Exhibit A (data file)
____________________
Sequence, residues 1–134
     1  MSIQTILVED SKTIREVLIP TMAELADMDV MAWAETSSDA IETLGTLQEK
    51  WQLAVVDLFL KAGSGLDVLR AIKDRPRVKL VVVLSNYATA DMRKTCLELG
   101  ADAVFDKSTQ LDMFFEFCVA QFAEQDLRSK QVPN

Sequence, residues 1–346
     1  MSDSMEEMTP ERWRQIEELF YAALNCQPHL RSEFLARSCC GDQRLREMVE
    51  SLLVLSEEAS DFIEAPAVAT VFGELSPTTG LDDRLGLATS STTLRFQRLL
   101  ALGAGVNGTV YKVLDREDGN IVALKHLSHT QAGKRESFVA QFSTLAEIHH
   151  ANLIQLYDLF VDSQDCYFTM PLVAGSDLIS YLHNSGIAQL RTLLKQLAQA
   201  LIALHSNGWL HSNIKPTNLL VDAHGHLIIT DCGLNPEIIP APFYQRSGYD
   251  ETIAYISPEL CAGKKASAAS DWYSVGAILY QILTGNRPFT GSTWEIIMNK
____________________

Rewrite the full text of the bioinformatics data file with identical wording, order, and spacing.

Sequence, residues 1–134
     1  MSIQTILVED SKTIREVLIP TMAELADMDV MAWAETSSDA IETLGTLQEK
    51  WQLAVVDLFL KAGSGLDVLR AIKDRPRVKL VVVLSNYATA DMRKTCLELG
   101  ADAVFDKSTQ LDMFFEFCVA QFAEQDLRSK QVPN

Sequence, residues 1–346
     1  MSDSMEEMTP ERWRQIEELF YAALNCQPHL RSEFLARSCC GDQRLREMVE
    51  SLLVLSEEAS DFIEAPAVAT VFGELSPTTG LDDRLGLATS STTLRFQRLL
   101  ALGAGVNGTV YKVLDREDGN IVALKHLSHT QAGKRESFVA QFSTLAEIHH
   151  ANLIQLYDLF VDSQDCYFTM PLVAGSDLIS YLHNSGIAQL RTLLKQLAQA
   201  LIALHSNGWL HSNIKPTNLL VDAHGHLIIT DCGLNPEIIP APFYQRSGYD
   251  ETIAYISPEL CAGKKASAAS DWYSVGAILY QILTGNRPFT GSTWEIIMNK